Good luck to everyone starting off on the 300-mile Chefs Cycle ride today!
If you are getting this via leak, sign up for yourself at thisfamilymeal.com.
Now let’s get to it…
“OMG” – Via Eater NY: “Keith McNally and his family are closing Schiller’s Liquor Bar in August after 14 years on the Lower East Side…. In an interview in the fall, McNally noted that the restaurant, along with Lucky Strike and Cherche Midi, does not make any money, but he keeps them open because he likes them and their staff.” I don’t know if this is a common tag for them, but if you want to know how the staff at Eater feels about this closing, check out the last three letters on this link: https://ny.eater.com/2017/5/15/15643836/schillers-closing-nyc-mcnally-omg.
Delivery, but different: Yes, delivery-only giants like Sprig, Munchery, and Maple all failed or are flailing, but rising rents still keep dreamers dreaming. Now, Anthony Strong, former head chef at the Bay Area’s Delfina Group, tells the Chronicle he “hopes that smaller, independent ventures like [his new project] Young Fava, which is translating the mid-priced neighborhood bistro into a coffee-table, paper-plate dining experience at home, will fare better.” Watch this space. If these prove successful, a lot of competition will follow. Have any commercial kitchen space you could rent out?
Documentary Fans – “New Chefs on the Block” will be screened at the AFI Docs festival in D.C. next month. It features Frank Linn working on Frankly…. Pizza, and Aaron Silverman on his way to opening Rose’s Luxury. Bonus: the late, great Michel Richard plays the old chef on the block in the trailer.
Design Fans – MOLD magazine interviews Oliver Haslegrave of Home Studios. Read the words if you want, but an easy scroll through the pics of Gwen in L.A. and Elsa in Brooklyn is rewarding enough. Edison bulbs, shmedison bulbs. Also for your viewing pleasure, Eater has the high-def reveal of L.A.’s massive Rossoblu here.
Japan Fans – Michelin Hokkaido was released online today, adding two new three-star restaurants in Japan, because Japan is so lacking in three-star restaurants… “The first is Japanese restaurant Hanakouji sawada…. Joining Hanakomichi Ishida and French restaurant Moliere, who retains its three stars, is another new entrant Sushi Miyakawa.”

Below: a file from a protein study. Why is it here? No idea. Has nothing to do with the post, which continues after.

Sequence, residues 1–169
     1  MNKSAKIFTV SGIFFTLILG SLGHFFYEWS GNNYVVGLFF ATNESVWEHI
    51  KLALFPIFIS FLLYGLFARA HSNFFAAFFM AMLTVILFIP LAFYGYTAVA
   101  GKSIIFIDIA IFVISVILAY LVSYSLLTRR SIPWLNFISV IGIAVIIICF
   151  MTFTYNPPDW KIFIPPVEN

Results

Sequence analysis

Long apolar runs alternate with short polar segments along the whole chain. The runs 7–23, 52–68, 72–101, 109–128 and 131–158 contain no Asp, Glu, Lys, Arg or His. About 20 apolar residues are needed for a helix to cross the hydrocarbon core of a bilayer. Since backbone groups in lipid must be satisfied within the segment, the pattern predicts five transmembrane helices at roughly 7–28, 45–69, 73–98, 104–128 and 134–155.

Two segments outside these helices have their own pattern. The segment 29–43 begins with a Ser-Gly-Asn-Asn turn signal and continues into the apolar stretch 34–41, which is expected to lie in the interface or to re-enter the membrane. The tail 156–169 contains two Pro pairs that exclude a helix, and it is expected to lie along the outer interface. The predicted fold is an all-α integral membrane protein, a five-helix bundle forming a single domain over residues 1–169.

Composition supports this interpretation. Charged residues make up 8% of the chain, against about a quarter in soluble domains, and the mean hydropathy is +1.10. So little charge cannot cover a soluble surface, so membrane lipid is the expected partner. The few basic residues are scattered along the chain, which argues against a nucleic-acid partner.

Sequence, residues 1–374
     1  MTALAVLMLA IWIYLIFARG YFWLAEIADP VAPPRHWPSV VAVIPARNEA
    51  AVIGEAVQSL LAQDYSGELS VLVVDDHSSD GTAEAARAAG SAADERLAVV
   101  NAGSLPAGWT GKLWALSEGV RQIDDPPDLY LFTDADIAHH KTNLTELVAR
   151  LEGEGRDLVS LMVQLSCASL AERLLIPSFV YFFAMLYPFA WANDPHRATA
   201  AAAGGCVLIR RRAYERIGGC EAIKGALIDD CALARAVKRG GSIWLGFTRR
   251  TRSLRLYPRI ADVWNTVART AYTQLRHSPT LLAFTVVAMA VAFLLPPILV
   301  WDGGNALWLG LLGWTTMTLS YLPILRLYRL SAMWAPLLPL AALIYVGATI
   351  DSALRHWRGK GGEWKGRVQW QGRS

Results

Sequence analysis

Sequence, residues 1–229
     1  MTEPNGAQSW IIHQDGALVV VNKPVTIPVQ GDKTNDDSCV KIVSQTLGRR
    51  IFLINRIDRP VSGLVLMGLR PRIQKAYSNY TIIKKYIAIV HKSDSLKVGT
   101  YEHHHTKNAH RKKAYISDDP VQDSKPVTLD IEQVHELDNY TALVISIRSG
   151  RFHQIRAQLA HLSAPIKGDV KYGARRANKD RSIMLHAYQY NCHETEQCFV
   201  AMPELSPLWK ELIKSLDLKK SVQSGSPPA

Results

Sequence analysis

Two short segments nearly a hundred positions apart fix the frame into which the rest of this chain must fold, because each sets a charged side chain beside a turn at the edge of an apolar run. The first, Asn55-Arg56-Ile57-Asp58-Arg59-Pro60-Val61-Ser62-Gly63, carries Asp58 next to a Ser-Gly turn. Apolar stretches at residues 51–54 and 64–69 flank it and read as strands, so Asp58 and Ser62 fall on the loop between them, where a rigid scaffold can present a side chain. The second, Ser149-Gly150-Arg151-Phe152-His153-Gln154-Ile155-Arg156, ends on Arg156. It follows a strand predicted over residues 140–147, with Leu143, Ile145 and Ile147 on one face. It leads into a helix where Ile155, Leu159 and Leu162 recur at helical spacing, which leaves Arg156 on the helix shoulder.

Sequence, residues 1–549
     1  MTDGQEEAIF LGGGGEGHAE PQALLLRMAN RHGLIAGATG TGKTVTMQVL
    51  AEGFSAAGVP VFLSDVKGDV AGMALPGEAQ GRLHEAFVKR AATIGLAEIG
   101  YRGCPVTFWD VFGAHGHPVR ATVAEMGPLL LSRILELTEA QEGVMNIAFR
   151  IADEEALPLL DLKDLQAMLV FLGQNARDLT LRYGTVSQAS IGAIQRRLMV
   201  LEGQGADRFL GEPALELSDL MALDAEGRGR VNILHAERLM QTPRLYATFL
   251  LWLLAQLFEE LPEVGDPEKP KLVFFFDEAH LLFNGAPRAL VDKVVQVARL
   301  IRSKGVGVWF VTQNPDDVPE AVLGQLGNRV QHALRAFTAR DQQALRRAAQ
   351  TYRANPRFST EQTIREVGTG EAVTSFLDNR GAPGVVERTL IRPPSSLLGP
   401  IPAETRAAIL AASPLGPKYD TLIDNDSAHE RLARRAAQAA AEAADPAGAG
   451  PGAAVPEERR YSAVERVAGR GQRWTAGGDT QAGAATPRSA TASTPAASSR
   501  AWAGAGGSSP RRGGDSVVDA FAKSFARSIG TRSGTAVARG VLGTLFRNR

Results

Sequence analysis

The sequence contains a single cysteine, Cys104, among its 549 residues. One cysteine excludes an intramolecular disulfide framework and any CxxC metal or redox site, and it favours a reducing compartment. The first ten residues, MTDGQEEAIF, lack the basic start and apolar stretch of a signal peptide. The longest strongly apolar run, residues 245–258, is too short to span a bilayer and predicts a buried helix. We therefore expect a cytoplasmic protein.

This Family Meal is brought to you by World Central Kitchen‘s Dine N Dash event in Washington, D.C. On June 7th, join hosts José Andrés, Andrew Zimmern, and Ted Allen for a tour of some of the District’s best restaurants. All proceeds go to support World Central Kitchen’s mission of using smart solutions to hunger and poverty to make sure food is an agent of change around the world. Tickets and more information here. PS – I’ll see you there!
The big chains – NRN’s On the Margins has the first quarter report on big chain dining, complete with winners and losers (“Winner: Tacos… Loser: McDonald’s Competitors”) and lots of ups and downs adding up to a 0.4% drop in same-store sales: “Performance ranged from a decline of 15.8% at Pie Five to an increase of 17.8% at Chipotle. Factor out the unusual nature of Chipotle’s sales of late, and you still have a 26% gap between Pie Five and the next largest, Domino’s.”
The next big chain – Bloomberg reports that fresh off their March IPO, Japan’s Ippudo ramen is “targeting to have 300 locations outside [Japan] by 2025 from its current 65” with a “primary focus” on the US.
Festival Circuit – Aaron Franklin hosts his first Hot Luck Festival starting Thursday in Austin, and Eater has a full rundown here: “There are big names like Roy Choi, East Coast ramen king Ivan Orkin, and Thai comfort chef Noong Poonsukwattana, and Austin favorites like Bryce Gilmore, Callie Speer, Andrew Wiseheart, and Laura Sawicki.”
At the same time, Vice’s Munchies test kitchen is hosting their “Indie Chefs Week” with loads of familiar faces and up-and-comers from around the country. Quick Sample: Cable Smith (The Royal, DC), Tim Archuleta (Ichi Sushi, SF), Ian Boden (The Shack, Staunton, VA), Gunnar Gíslason (Agern, NY). Full text list: here.
Tell the Somm – “Bill Moving Through Congress Could Lead to Boozier Wine”. Food & Wine reports, “the bill would raise… thresholds on ABV for taxing wine. Currently, the federal tax on wine at 14 percent ABV is significantly lower than the tax on wines with an ABV between 14 and 16 percent. The lower ABV wines are taxed $1.07 per gallon, whereas the higher alcohol wines are taxed at $1.57 per gallon. That difference is large enough that, currently, some wineries find ways to keep their ABVs down to avoid paying these stiffer taxes. Opponents of this provision say eliminating the tax differences will result in wineries selling stronger wine.” Proponents happily concede the point?
Tell the Pitmaster – The Washington Post is out with a fantastic piece on the future of BBQ (read: “upscaling” and urbanizing) and BBQ joints: “In addition to a bocce court, full-size croquet course, two outdoor ping-pong tables and a large firepit, the menu offers a variety of vegetarian options.” Not an easy read for purists, perhaps… Cameos by Laura Loomis (Two Bros., San Antonio), John Lewis (Lewis, Charleston), Elliot Moss (Buxton Hall BBQ, Asheville), and more.
And lastly, a Pasta Safety PSA: “The dough was sticking to the rollers, he said. ‘So, like an idiot, I reached in and tried to force it through the machine. And then I just heard a crunch. Like a handful of popcorn exploded. It was so gross.’” Indeed. Billy Penn has the full article, including a pic of the innocent looking pasta sheeter and its victim, “Le Virtu chef and Brigantessa co-owner Joe Cicala.”
That’s it for today. Stay safe around your machinery, and I’ll see you Friday…